News / Europe

UN: 100,000 People Have Fled Libya into Neighboring States

In this photo released by Britain's Ministry of Defense, civilians disembark from one of two Royal Air Force C130 Hercules that evacuated more than 150 civilians from desert locations south of Benghazi, at Malta's international airport, February 27, 2011
In this photo released by Britain's Ministry of Defense, civilians disembark from one of two Royal Air Force C130 Hercules that evacuated more than 150 civilians from desert locations south of Benghazi, at Malta's international airport, February 27, 2011

The United Nations refugee agency says almost 100,000 people have fled Libya into neighboring Egypt and Tunisia in the past week, to escape a deadly anti-government uprising.

U.N. High Commissioner for Refugees Antonio Guterres asked the international community Sunday to provide quick and generous assistance to Egypt and Tunisia, so that they can cope with what he called a "humanitarian emergency."

The U.N. agency says Tunisia has reported the entry of 40,000 people from Libya since February 20, and Egypt has recorded 55,000 people crossing the Libyan border since February 19.

Most of those fleeing to the neighboring states are said to be Egyptians and Tunisians, while the remainder include other foreigners, mainly Asian migrant workers, and several thousand Libyans. It says U.N. emergency teams are working with Egyptian and Tunisian authorities to support the evacuees.

Britain continued its secret evacuations of foreign nationals who are stranded at remote camps in the Libyan desert. Defense Minister Liam Fox said three British military transport planes evacuated 150 oil workers and civilians from "multiple locations" in the Libyan desert Sunday.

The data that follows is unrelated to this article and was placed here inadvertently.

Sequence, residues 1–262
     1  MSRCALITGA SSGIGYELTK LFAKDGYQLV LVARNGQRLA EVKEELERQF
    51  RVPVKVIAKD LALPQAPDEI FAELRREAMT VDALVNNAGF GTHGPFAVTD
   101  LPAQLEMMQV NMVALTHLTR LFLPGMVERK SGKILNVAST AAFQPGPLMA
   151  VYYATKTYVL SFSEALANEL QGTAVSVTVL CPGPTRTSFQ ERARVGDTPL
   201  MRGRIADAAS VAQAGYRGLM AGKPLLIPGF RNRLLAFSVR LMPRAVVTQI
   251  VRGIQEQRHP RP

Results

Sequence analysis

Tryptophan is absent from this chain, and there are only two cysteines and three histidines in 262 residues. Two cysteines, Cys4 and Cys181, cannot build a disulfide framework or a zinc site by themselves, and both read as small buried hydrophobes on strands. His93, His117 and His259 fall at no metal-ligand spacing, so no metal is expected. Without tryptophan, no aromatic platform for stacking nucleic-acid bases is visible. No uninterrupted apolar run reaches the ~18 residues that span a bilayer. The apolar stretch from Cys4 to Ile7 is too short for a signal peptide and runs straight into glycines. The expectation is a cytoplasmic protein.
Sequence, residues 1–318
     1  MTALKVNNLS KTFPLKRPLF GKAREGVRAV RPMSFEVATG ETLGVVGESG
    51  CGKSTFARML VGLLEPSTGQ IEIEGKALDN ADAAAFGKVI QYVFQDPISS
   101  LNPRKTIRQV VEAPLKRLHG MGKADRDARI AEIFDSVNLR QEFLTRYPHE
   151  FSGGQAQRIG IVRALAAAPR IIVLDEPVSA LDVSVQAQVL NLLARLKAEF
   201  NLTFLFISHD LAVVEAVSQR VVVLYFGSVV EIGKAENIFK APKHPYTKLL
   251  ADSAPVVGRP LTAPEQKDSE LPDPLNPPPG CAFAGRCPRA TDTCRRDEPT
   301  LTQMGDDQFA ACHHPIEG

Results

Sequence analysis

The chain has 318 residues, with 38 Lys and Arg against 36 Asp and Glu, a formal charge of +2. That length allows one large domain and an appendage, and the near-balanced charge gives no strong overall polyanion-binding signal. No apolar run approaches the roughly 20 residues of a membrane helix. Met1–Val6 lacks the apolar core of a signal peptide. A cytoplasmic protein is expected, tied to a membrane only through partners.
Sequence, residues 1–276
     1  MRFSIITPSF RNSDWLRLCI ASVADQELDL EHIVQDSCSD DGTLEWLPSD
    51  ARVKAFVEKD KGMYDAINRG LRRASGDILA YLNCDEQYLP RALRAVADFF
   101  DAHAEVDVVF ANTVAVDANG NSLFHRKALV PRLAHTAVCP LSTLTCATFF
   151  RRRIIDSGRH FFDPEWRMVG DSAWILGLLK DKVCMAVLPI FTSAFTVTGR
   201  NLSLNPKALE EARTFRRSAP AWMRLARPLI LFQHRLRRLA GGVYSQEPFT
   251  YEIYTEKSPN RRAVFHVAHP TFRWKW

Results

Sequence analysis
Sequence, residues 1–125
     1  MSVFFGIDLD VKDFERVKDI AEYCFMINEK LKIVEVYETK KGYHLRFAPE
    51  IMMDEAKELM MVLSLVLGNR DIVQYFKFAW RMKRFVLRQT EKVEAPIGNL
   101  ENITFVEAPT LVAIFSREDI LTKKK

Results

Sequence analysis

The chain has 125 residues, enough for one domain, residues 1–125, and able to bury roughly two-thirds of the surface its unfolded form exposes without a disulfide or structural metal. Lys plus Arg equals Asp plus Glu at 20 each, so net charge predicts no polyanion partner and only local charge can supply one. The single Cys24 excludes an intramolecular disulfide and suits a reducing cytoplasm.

Two Royal Air Forces planes later landed on the Mediterranean island nation of Malta and a third was due to arrive later.

In a similar covert operation Saturday, two British C-130 Hercules planes picked up another 150 civilians - including Britons and other foreigners - from desert sites and brought them to Malta. The British government has faced criticism at home for being too slow to help hundreds of British oil workers stuck in desert facilities with dwindling supplies of food and water.

Separately, Germany said its air force evacuated 132 people from the desert during a secret military mission on Saturday. Foreign Minister Guido Westerwelle said Sunday two German military planes flew the evacuees - Germans and other EU citizens - to Crete. About 100 Germans remain in Libya, half of them in the country's interior.

Mediterranean ports are overflowing with thousands of other foreigners escaping Libya's unrest. The French news agency said a ferry loaded with 1,800 Asian workers docked in Malta Sunday. Maltese Prime Minister Lawrence Gonzi said his island nation has received 8,000 people since the Libyan crisis began and he fears an even greater exodus to come.

Also Sunday, 4,600 people - mostly Chinese nationals - arrived in the Greek ports of Piraeus (Athens) and Heraklion (Crete). Another ferry with 2,000 more Chinese is expected to reach Crete late Monday. China also is chartering planes to fly Chinese citizens out of the Libyan capital, Tripoli, and bring them home from other destinations in North Africa and Europe.

At least 20,000 Chinese, 15,000 Turks and 1,400 Italians have been evacuated from Libya in recent days. The North African nation had a huge multinational work force before the crisis began, including workers in the construction and oil industries, and domestic helpers from Bangladesh, China, Egypt and the Philippines.

But thousands of migrant workers from poorer countries in South Asia and West Africa have been stranded in Libya, many abandoned by their foreign employers. Some have no passports or cash and nowhere to go. Indians, Pakistanis, Vietnamese, Thais and Bangladeshis crowd the port of the eastern city of Benghazi. Their Turkish and Chinese managers escaped without them.

There has been little assistance thus far for workers from Ghana, Nigeria, Mali and Burkina Faso -  with their home countries too poor or unorganized to send assistance.

Some information for this report was provided by AP, AFP and Reuters.